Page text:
Altair - α Aquilae (alpha Aquilae)
Altair, also designated as α Aquilae (alpha Aquilae), is a multiple main-sequence star in the constellation of Aquila.
Altair visual magnitude is 0.77, making it the 12th brightest star in the sky. Thanks to its high brightness, Altair is clearly visible when observed from locations with dark skyes, and should be also quite easily visible from light polluted areas.
The table below summarizes the key facts about Altair:
Celestial coordinates and finder chart of Altair
Altair is situated close to the celestial equator, as such, it is at least partly visible from both hemispheres in certain times of the year. Celestial coordinates for the J2000 equinox as well as galactic coordinates of Altair are provided in the following table:
The simplified sky map below shows the position of Altair in the sky:
Visibility of Altair from your location
Today's Altair - α Aquilae (alpha Aquilae) rise, transit and set times from Greenwich, United Kingdom are the following (all times relative to the local timezone Europe/London):
Digitized Sky Survey image of Altair
The image below is a photograph of Altair from the Digitized Sky Survey 2 (DSS2 - see the credits section) taken in the red channel. The area of sky represented in the image is 0.5x0.5 degrees (30x30 arcmins). The proper motion of Altair is 0.538 arcsec per year in Right Ascension and 0.386 arcsec per year in Declination and the associated displacement for the next 1000 years is represented with the red arrow.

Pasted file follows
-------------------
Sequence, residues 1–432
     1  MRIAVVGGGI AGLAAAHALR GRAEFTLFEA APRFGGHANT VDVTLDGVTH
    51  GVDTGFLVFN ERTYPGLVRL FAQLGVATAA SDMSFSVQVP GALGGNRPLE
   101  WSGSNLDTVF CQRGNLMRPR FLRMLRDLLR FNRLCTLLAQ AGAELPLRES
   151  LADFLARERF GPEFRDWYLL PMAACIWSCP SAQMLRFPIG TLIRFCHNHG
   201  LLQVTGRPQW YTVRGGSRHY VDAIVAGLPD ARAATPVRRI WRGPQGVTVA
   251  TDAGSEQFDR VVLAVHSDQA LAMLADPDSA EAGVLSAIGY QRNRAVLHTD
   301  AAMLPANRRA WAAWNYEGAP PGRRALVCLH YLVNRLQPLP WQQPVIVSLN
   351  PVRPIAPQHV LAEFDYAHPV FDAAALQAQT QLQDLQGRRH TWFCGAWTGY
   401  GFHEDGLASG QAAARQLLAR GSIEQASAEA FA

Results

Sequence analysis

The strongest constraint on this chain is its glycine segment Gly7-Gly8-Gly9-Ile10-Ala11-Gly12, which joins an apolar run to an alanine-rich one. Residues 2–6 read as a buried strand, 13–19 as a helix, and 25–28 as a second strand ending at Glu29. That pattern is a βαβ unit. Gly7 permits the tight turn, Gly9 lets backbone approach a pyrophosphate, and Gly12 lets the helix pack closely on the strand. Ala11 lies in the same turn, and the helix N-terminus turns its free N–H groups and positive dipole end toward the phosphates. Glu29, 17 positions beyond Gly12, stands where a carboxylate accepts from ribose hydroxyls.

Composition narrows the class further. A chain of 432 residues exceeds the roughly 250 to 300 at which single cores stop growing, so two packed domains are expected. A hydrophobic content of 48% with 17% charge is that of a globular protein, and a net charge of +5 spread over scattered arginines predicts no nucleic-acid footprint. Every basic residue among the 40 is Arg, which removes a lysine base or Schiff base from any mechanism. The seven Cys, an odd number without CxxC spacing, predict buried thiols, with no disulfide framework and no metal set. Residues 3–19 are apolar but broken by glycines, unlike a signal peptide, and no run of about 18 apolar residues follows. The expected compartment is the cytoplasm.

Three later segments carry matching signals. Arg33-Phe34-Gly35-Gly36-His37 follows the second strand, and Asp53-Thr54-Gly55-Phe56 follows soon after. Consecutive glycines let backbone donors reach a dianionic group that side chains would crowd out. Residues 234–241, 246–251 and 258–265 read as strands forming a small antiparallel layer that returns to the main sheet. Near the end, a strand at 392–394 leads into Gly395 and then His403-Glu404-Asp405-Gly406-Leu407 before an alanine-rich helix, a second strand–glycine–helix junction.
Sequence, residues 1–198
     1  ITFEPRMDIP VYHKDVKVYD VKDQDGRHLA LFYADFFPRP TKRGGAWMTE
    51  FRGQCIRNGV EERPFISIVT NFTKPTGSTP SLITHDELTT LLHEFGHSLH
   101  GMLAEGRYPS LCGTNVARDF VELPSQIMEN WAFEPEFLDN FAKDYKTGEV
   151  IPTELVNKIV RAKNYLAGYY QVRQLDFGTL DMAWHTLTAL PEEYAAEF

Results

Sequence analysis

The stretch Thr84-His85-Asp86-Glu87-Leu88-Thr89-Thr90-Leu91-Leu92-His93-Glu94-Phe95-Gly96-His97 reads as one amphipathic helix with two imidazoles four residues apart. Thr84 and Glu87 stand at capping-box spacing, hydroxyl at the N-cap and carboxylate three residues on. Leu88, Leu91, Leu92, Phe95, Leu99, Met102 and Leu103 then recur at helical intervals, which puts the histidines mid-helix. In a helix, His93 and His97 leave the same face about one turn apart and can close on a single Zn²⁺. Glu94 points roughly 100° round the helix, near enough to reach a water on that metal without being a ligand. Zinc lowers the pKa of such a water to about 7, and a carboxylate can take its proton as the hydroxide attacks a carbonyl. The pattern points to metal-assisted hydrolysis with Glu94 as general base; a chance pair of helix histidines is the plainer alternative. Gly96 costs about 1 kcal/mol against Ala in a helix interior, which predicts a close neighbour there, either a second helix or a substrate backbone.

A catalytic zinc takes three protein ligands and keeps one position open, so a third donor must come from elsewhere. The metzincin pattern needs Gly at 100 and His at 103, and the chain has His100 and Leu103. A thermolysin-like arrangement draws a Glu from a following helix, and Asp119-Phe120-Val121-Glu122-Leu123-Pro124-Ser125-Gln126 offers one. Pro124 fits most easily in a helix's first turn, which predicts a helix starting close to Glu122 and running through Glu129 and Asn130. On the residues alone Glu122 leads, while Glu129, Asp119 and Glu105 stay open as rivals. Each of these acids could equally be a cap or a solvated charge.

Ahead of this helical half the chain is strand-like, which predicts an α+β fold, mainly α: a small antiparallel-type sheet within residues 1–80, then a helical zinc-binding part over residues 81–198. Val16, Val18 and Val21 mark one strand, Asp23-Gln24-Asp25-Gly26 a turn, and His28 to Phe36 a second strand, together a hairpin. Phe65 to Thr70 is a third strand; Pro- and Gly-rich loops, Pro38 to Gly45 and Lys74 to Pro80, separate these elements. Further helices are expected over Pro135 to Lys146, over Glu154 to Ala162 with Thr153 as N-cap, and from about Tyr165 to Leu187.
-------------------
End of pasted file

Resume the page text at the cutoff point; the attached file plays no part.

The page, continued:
Distance of Altair from the Sun and relative movement
Altair is distant 16.77 light years from the Sun and it is moving towards the Sun at the speed of 26 kilometers per second.
Spectral properties of Altair
Altair belongs to spectral class A7 and has a luminosity class of V corresponding to a main-sequence star.
The red dot in the diagram below shows where Altair is situated in the Hertzsprung–Russell diagram.
Altair star system properties
Altair is a visual double star which can be observed only with the help of very large telescopes. The table below shows key information about the Altair double sysyem: